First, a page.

Search This Blog

Wednesday, November 17, 2010

Why We Should Cut Foreign Aid

“AIDS is big business, maybe Africa's biggest business. There's nothing else that can generate as much aid money as shocking figures on AIDS. AIDS is a political disease here, and we should be very skeptical.” — James Shikwati

The US spends more than other countries in total dollars, as a percentage of its total annual budget it gives 25 billion dollars away a year — mostly to countries who don’t need it, and or hate the USA.

While this is a mere pittance of our annual budget foreign aid is one of those budget items that seem to come under criticism each year, criticism that is well deserved.

Foreign aid or (development assistance) is often regarded as being too much, or wasted on corrupt recipient governments despite any good intentions from donor countries. In reality, both the quantity and quality of aid have been poor and donor nations have not been held to account.

In 1970, the world’s rich countries agreed to annually give 0.7% of their gross national income (GNI) as official international development aid. Since that time, despite billions given each year, rich nations have rarely met their actual promised targets. For example, the US is often the largest donor in dollar terms, but ranks amongst the lowest in terms of meeting the stated 0.7% target.

Furthermore, aid has often come with a price of its own for the developing nations:
  • Aid is often wasted on conditions that the recipient must use overpriced goods and services from donor countries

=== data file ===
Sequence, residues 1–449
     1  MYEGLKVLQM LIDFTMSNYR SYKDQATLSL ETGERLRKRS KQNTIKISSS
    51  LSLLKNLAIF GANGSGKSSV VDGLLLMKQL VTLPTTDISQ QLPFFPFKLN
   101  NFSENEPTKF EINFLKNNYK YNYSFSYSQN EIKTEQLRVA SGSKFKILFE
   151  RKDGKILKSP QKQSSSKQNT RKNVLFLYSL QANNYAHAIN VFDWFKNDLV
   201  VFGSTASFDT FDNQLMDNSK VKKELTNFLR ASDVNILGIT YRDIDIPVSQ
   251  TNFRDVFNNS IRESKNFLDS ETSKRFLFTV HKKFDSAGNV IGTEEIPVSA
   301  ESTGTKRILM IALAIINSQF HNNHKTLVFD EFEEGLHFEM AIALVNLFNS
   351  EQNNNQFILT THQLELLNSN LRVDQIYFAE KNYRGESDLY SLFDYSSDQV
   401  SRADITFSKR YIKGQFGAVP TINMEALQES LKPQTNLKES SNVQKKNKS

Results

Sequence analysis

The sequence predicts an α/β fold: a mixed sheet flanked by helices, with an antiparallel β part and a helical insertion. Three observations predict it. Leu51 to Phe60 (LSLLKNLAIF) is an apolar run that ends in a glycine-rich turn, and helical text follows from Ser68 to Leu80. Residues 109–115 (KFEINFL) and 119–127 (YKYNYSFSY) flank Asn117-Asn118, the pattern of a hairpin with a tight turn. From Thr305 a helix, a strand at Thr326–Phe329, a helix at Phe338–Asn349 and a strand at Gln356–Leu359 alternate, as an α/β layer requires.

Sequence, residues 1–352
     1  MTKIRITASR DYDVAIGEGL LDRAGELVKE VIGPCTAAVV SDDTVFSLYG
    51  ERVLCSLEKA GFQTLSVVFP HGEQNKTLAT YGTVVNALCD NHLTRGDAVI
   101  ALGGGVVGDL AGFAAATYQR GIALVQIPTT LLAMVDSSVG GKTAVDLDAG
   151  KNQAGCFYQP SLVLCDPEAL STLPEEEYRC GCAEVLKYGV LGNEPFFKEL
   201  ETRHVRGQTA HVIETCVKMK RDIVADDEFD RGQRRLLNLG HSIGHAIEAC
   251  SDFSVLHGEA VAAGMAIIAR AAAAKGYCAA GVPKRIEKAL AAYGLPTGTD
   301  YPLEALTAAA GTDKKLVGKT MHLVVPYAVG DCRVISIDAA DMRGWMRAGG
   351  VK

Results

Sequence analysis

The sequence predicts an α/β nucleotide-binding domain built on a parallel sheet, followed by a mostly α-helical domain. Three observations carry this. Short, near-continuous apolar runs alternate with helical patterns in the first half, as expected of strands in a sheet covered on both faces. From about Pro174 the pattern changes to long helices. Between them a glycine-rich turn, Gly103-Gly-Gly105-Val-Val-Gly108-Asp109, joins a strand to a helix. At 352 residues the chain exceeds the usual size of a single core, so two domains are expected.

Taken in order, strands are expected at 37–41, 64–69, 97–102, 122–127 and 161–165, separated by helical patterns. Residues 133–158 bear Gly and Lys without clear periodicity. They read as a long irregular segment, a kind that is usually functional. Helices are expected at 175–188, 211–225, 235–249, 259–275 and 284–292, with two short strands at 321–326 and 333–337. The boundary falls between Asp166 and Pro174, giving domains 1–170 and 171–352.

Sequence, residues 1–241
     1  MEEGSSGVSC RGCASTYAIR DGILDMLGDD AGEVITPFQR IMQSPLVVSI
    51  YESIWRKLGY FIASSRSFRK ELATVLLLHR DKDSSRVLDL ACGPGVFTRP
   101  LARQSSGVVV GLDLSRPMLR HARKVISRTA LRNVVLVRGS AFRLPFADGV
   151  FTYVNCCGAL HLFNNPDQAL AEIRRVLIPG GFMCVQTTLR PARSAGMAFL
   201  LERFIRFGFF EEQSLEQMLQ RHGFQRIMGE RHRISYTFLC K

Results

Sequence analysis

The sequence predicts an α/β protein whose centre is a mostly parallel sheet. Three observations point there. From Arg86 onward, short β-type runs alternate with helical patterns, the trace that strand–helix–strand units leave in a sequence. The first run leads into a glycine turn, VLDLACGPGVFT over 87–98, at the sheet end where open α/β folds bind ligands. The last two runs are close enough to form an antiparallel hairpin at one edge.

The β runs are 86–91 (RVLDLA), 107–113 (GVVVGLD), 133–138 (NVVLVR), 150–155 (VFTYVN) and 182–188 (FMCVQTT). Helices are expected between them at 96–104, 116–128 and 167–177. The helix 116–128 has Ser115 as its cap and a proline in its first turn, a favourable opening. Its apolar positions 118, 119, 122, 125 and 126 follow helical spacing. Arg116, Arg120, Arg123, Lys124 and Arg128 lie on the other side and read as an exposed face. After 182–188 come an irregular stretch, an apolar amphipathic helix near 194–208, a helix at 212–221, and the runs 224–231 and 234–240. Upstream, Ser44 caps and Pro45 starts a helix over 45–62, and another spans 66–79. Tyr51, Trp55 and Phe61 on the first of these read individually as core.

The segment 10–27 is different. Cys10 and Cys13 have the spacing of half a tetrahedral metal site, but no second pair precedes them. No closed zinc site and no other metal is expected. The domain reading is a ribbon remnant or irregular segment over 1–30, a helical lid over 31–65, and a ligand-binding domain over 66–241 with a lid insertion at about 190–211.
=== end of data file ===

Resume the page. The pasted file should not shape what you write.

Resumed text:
• Most aid does not actually go to the poorest who would need it the most
  • Aid amounts are dwarfed by rich country protectionism that denies market access for poor country products, while rich nations use aid as a lever to open poor country markets to their products
  • Large projects or massive grand strategies often fail to help the vulnerable; money can and often is embezzled away.
Some interesting observations can be made about the amount of aid. For example:
  • USA’s aid, in terms of percentage of their GNP has almost always been lower than any other industrialized nation in the world, though paradoxically since 2000, their dollar amount has been the highest.
  • Between 1992 and 2000, Japan had been the largest donor of aid, in terms of raw dollars. From 2001 the United States claimed that position, a year that also saw Japan’s amount of aid drop by nearly 4 billion dollars.
In a 2005 interview with Der Spiegel Magazine the Kenyan economics expert James Shikwati, says that aid to Africa does more harm than good. The avid proponent of globalization spoke with SPIEGEL about the disastrous effects of Western development policy in Africa, corrupt rulers, and the tendency to overstate the AIDS problem.

When the proposition that the industrialized nations of the West want to eliminate hunger and poverty was put forth by Der Spiegel Shikwati responded; “Such intentions have been damaging our continent for the past 40 years. If the industrial nations really want to help the Africans, they should finally terminate this awful aid. The countries that have collected the most development aid are also the ones that are in the worst shape. Despite the billions that have poured in to Africa, the continent remains poor.”

Shikwati continued’ “Huge bureaucracies are financed (with the aid money), corruption and complacency are promoted, Africans are taught to be beggars and not to be independent. In addition, development aid weakens the local markets everywhere and dampens the spirit of entrepreneurship that we so desperately need. As absurd as it may sound: Development aid is one of the reasons for Africa's problems. If the West were to cancel these payments, normal Africans wouldn't even notice. Only the functionaries would be hard hit. This is why they maintain that the world would stop turning without this development aid.”